By Gordon Woodworth & Mark Frost
Chronicle News Editor & Chronicle Publisher/Editor
A renewed late push to fund the Glens Falls Civic Center with a 1% hike in the occupancy “bed” tax is apparently going nowhere, and Mayor Jack Diamond says the Aug. 18 auction of the Glens Falls Civic Center will proceed.
“If the County asks me to consider canceling the sale of the Civic Center and has a memorandum of understanding agreeing to buy it for $1.5-million, I’d stop the sale,” the mayor told The Chronicle Tuesday.
Otherwise, he said, “My plan is to sell the building in 2014. It’s pretty clear that the supervisors don’t know what they want to do, and our only option is to sell the building. That ship has sailed. I don’t have time to wait around for a county board that has a $15.5-million fund balance.”
Mr. Diamond said eight groups have picked up auction packets “and I feel confident the building will be sold. The only question is for how much.”
Asked what he will do if no one meets the $1.5-million minimum, the mayor said, “I will continue to pursue selling the building. My intentions are to sell the building and get it off the City’s books for 2015.”
The Post-Star, local outlet plaza entrepreneurs Ed Moore and Dave Kenny and retired athletic director Doug Kenyon have spearheaded a renewed, late push for Warren County to raise the bed tax to help pay for the Civic Center.
But County Board chairman Kevin Geraghty of Warrensburg told The Chronicle Tuesday, “I just don’t think anything will happen using a bed tax increase.”
Even if support for the bed tax hike lined up, Mr. Geraghty said, “I don’t see it happening in time,” noting the next full Board of Supervisors meeting is Friday, Aug. 15, three days before the scheduled auction.
And he said that any tax increase needs approval from the state legislature, which he said would take up to a year.
Bill Kenny, county Supervisor from Glens Falls Ward 5, chairs the Occupancy Tax Committee and led the push for a bed tax hike to fund the Civic Center. Asked if he expects anything to emerge from his committee before the auction, Mr. Kenny said, “No. I don’t see that happening. To me, it’s a no-brainer. To others, it is not. And I respect the others who don’t agree with me.”
His initial proposal died in committee. “There wasn’t support for it, so I didn’t bring it to a vote,” Mr. Kenny said. “The clock is ticking.”
If the bed tax hike were to survive the Occupancy Tax committee, would it have a chance of passing the full Board of Supervisors? Mr. Kenny said he has counted votes and thinks “it would be close.”
As for the committee, Mr. Kenny said, “There are three of us in favor of doing something — me, [Queensbury Supervisor] John Strough and [Lake Luzerne Supervisor] Gene Merlino.”
But committee members Ron Conover (Bolton), Dennis Dickinson (Lake George), Matt Simpson (Horicon) and Edna Frasier (Hague) opposed the bed tax hike.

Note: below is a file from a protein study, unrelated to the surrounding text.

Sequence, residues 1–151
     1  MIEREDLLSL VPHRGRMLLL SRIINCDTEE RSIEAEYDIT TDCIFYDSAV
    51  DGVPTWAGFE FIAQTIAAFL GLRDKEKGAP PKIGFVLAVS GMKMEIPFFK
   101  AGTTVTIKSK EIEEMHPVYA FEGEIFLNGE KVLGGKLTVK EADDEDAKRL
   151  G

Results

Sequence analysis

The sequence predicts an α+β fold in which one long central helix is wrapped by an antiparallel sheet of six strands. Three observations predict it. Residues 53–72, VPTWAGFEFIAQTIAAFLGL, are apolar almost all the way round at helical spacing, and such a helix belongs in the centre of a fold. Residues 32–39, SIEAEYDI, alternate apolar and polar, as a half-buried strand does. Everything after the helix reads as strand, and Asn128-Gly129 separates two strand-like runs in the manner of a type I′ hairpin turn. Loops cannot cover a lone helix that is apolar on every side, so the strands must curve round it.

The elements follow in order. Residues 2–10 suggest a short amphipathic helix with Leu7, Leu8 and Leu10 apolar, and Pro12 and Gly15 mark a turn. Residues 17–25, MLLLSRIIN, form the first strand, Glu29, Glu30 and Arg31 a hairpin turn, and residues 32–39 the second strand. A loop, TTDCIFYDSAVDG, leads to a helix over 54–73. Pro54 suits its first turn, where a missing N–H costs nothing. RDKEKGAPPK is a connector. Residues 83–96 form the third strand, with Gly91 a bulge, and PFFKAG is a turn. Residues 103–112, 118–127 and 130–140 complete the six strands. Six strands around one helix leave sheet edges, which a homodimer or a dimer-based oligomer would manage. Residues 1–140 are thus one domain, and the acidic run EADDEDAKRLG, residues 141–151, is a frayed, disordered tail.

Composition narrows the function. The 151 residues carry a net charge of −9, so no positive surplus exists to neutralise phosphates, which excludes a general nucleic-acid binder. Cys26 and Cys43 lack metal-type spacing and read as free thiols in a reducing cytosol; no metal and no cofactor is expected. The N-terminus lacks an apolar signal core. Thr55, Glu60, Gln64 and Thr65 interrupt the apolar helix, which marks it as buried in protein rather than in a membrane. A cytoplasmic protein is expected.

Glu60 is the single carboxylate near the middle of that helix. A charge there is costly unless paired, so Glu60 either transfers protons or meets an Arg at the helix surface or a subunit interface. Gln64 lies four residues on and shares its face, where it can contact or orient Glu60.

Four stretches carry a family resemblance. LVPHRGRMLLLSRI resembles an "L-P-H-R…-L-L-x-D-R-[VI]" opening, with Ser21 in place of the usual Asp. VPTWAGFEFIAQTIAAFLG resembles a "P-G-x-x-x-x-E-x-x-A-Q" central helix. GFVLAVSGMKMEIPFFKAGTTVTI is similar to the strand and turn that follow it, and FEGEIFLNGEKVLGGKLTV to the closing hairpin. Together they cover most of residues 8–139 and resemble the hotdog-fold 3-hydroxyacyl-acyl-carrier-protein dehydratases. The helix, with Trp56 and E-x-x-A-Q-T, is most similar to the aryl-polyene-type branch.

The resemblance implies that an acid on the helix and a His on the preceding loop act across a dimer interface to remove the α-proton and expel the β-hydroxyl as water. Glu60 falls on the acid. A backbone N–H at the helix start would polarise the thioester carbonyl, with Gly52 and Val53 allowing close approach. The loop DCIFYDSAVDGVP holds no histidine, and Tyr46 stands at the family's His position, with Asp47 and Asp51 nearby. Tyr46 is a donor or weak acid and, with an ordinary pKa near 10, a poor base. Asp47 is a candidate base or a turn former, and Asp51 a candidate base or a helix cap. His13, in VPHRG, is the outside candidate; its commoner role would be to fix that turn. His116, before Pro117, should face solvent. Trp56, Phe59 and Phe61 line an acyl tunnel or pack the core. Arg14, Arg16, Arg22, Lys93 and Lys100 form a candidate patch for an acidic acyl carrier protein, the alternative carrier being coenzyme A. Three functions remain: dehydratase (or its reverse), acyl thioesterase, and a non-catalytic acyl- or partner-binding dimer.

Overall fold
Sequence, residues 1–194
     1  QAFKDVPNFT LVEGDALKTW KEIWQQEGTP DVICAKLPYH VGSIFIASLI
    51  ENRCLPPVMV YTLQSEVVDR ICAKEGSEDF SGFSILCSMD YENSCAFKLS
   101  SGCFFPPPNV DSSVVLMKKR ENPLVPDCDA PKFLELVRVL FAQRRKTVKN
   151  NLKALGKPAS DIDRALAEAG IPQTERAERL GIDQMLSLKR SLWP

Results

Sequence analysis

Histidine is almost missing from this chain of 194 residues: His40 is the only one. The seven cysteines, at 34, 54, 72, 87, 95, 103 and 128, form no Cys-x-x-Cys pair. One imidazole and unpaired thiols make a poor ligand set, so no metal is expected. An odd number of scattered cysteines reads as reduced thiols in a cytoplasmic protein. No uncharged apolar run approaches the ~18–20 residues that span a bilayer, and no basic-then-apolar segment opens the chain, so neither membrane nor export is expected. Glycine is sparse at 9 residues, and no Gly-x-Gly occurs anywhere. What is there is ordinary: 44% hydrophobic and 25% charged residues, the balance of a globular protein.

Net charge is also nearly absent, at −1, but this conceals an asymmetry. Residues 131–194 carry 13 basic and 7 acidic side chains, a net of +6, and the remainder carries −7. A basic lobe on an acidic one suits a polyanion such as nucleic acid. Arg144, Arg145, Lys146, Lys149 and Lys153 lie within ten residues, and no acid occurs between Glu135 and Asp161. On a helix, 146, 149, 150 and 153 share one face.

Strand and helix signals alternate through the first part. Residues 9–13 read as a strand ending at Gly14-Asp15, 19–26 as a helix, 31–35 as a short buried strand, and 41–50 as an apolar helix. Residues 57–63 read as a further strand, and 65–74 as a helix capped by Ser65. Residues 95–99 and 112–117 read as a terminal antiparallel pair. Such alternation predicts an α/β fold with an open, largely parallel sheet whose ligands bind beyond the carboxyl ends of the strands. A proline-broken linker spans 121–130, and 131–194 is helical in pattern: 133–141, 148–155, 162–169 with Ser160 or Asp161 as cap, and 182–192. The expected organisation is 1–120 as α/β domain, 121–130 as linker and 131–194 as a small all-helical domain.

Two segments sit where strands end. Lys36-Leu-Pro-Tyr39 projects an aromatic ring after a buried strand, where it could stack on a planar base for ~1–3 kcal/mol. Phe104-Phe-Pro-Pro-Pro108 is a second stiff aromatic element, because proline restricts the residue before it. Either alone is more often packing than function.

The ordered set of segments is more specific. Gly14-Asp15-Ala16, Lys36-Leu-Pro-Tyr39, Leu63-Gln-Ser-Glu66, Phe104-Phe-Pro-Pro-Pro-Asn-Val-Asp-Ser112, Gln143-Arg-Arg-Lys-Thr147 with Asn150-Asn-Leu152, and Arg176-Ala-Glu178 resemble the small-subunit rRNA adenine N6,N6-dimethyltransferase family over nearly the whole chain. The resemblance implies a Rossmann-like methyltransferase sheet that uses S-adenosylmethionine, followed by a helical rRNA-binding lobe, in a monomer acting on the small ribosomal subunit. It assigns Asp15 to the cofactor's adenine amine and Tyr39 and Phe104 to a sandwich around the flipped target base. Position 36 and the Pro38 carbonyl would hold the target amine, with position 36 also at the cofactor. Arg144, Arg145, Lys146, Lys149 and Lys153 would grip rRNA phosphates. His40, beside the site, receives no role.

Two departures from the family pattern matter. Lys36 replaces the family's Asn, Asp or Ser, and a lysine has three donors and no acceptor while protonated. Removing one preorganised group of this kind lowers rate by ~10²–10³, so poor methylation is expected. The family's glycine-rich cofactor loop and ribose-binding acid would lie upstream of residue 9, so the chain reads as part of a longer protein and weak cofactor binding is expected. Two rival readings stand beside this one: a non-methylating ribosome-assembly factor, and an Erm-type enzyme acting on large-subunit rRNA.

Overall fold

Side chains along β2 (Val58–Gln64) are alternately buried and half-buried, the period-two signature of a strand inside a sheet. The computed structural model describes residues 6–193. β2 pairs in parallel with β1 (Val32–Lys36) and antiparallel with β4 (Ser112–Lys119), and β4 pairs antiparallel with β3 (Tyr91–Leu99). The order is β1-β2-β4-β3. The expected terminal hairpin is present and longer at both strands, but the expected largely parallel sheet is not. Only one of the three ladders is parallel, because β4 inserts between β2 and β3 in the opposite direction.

“I am not in favor of a 1% tax increase,” Horicon’s Mr. Simpson told The Chronicle. “The underlying problems of the Civic Center are not going to be mitigated by the County becoming a funding source. I think the City should sell it. I don’t think the answer is raising taxes. Every time we fund these things with the lure of how it will help everyone out, we get further and further from what we should be doing.”
Mr. Dickinson said of the possible bed tax hike, “Motel owners in Lake George would storm my office…We need another plan, and I don’t know what that plan is. We are reviewing the whole occupancy tax program…to see if we are getting bang for our buck or if we need to restructure.”
Mr. Conover said he is working on a countywide approach to look at reallocating bed tax money, but he said “the prudent thing to do is to see what interest is expressed at the auction, because that will help clarify things.”
Mr. Strough said he has favored “from the get-go” the bed tax hike to help the City pay for the Civic Center. “Two benefits would come out of that additional 1% of bed tax money,” he said. “One, it would help the City pay for a regional resource without any burden on the local taxpayer. And two, we could use some of the money to help manage invasive species.
“Lake George is a regional resource just like the Civic Center. Both add to the quality of life here, and bring in outsiders.”
Mr. Strough said “sooner or later, a 1% bed tax increase will come up again.”
Mr. Dickinson said that 90% of bed tax revenue is generated in Bolton, Lake George and Queensbury, “because that’s where the hotels are. And that money is specifically earmarked for the promotion of more occupancy. We have to be careful where we spend that money.”
Mr. Conover said in terms of bed tax revenue, “our first priority is the enhancement and protection of Lake George, which drives the occupancy tax.”
Mr. Merlino said “I support doing something, and I support helping the Civic Center. We have got to come up with a solution that covers all of the bases.”
Mr. Merlino has proposed changing the way sales tax revenue is allocated, and giving $400,000 a year to Glens Falls for the Civic Center. He said he will give another presentation on his proposal next week.
Mr. Kenny has made two proposals to help pay for Civic Center operations. The first proposed adding 1% to the existing 4% bed tax, with the $800,000-plus in additional revenue going to the City.
His second proposal, to reduce annual bed tax awards from $350,000 to $175,000, and take an additional $125,000 from bed tax reserves, would have provided $300,000 annually for the Civic Center.